So someone (Gosh I love starting with “So”. It’s so… so… 21st century) suggested OpenSCAD needs a ‘fillet’ command.
Actually someone has a name, Alex Davies, who has made a 3d printed violin.
Anyways the problem with doing this is that there are, apparently, no open source free 3d fillet algorithms out there.
So let’s invent one!
After farting around on google with ‘fillet’ and ‘algorithm’ a while I find this 2d fillet algorithm discussion
OK. Interesting but lets expand it to 3d and throw out the complicated stuff.
Basically Topomorph is using the ‘offset’ idea to do fillets. OK. So, first, what is ‘offset’?
CGAL Has 2d offset already. It’s like “growing” or “shrinking” a polygon, but in a way so that your ‘new’ polygon has sides that are the same distance from the old polygon. If you straight out ‘scale’ shrink you dont get that. See here:
CGAL’s 2d offest:
Giles Bathgate’s Rapcad uses CGAL’s offset, and explains why it’s not the same as ‘scale’
OK. Now we understand 2d offset, sorta. We also understand, from TopoMorph, roughly how Offset can help make Fillets.
How do we do it in 3d then?
First, lets simplify the Topomorph method. Instead of Arcs and stuff, let’s just do a simple triangle, between simple intersection points. Imagine two squares intersecting — the blue and red are their offsets. The shape on the bottom is the result of “fillet union”, with a ‘triangular’ fillet shape instead of a nice arc. It seems relatively simple to do something like this in 2d, given that you already have ‘interesection’ and ‘offset’ functions. . . .
Now, how does this work in 3d?
Imagine two 3d shapes. Shape1, Shape2. Let’s do cubes.
What does a cube and it’s offest look like? Like this:
One box ‘inside’ another.
So what if we intersect these things? First we have to know what two cubes looks like:
Now, imagine we make these cubes into pure-surfaces, no ‘inside’ volume.
Now. Imagine these three things:
- Intersection of shape1 surface with shape2 surface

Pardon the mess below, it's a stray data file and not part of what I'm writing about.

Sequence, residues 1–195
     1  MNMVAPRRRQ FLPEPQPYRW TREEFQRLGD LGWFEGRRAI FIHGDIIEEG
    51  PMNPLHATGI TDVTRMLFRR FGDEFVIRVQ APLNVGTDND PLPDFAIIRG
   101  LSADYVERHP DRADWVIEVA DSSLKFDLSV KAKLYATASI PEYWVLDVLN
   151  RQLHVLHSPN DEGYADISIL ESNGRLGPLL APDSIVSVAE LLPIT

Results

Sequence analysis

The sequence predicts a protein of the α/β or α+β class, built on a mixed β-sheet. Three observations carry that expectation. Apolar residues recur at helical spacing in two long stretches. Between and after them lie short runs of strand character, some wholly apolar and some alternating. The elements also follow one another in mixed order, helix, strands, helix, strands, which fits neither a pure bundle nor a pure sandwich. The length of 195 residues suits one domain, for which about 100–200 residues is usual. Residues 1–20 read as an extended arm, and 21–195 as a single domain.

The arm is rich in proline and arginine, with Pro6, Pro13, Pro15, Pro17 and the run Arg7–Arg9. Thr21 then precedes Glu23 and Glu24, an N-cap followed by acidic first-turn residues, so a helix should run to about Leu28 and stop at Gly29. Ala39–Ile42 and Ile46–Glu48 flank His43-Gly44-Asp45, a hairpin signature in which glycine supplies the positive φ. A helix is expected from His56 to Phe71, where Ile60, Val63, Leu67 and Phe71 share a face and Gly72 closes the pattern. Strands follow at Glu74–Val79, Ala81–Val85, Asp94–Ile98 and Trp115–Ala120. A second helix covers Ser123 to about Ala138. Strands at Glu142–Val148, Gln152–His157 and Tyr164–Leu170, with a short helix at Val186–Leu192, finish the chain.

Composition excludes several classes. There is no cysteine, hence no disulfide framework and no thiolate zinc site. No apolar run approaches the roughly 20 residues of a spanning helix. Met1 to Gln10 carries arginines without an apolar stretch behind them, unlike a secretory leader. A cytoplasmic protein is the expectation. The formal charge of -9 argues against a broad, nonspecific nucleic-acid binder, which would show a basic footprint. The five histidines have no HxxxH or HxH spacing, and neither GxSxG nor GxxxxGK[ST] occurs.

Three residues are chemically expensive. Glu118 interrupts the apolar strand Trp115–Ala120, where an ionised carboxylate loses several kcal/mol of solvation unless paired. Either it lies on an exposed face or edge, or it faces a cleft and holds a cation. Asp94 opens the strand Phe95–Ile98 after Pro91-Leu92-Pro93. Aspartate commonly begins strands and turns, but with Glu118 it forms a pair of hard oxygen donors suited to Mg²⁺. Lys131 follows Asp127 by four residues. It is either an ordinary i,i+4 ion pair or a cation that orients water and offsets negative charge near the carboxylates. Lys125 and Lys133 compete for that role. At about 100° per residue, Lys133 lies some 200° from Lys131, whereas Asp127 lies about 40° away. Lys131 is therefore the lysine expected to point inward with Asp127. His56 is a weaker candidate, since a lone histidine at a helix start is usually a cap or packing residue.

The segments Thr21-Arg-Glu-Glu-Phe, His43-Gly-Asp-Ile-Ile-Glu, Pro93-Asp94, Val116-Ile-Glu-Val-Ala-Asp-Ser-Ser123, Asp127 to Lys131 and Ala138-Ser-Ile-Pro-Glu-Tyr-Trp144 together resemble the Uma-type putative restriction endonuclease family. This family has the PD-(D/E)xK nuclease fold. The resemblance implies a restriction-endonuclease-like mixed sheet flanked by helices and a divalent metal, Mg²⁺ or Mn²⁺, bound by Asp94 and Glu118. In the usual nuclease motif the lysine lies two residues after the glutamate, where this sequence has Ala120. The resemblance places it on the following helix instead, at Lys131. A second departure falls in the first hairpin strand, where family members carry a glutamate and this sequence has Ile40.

- Intersection of shape1-offset with shape2
- Intersection of shape1 with shape2-offset
Those are three ‘polylines’ (lines in 3d space with vertexes, connected by a single line once each)
What does this look like? Behold.
Green polyline = interesection between the cube surfaces.
Red line = offset of left-hand cube intersected with surface of right-hand cube
blue line = offset of right-hand cube intersected with surface of left-hand cube
Both offset-intersections shown together:
OK. So we have these things. What do we do with them?
Connect them, of course. The ‘triangle’ in pink here is an attempt to show the new edges created when we create ‘faces’ from the extant polylines and vertexes for our fillet.
And finally. Let’s imagine the faces drawn without the wireframe.
It is an analogy to the 2d ‘fillet join’ of squares, above. Instead of two 2d-triangles, we are here using a triangular-cross-section ‘tube’ to ‘fillet’ between the two cubes.
But what if we want a smooth fillet?
Remember our first example, the like to TopoMorph. We can modify the triangles so that they are curves, and draw more faces between them.
That’s all well and good. But how do you actually implement such an algorithm?
I am not quite sure. And that is where another idea comes in.
Using multiple ‘offset’ intersections.
Imagine taking the blue polyline, and making another blue polyline ‘offset’ a little bit more from the original. That gives us a sequence of , well, faces, and helps us build our face set. Maybe.
But what could it also do?
Imagine multiple red offset polylines, and multiple blue offset polylines. Now draw a simple flat face between each one. Union. What does that make? A Bezier curve is what it makes. Remember from Wikipedia. A bezier curve is just the curve formed by drawing straight lines between points on two line segments joined at an angle.
Now imagine that in 3d, multiple blue offsets, each connecting a single flat face to a matching red offset. If you get the ordering right, you get a 3d sequence of flat faces that together form a Bezier curve style surface. Yay. Nice Fillet.
“And nobody had to get nailed to anything. ” – Douglas Adams
Ok that all sounds nice. Why don’t you just bash it out in a weekend in C++ then?
The hurdles are as follows.
1. There is no 3d offset in CGAL. You’d have to invent it.
2. What if the two cubes touch exactly on a single surface? Then you have a polygon not a polyline. Same for the offsets. How to deal with that?
3. What about ‘holes’ in the shapes? What about those intersections? What do you do, for example, about a hollow cylinder ‘fillet joined’ to a cube?
4. How does the computation time of ‘offset’ compare against the computation time of Minkowski Sum? Because you can do Minkowski Sum to do alot of this same stuff. It’s just sooooo slooowowwwwww in CGAL.
5. How do you actually connect the proper vertices and edges in ‘facets’ when creating the fillet polyhedron? What algorithm is that? How robust is it ? How do you test it? Do you have to invent it from scratch?
6. are you sure there are no open source programs that do this already?
7. are you sure there are no free algorithms out there that do this already?
In the end, though, i think it would be an interesting project, worthwhile at least.
At least to start, we could do it in 2d, and it wouldn’t be that impossible to implement.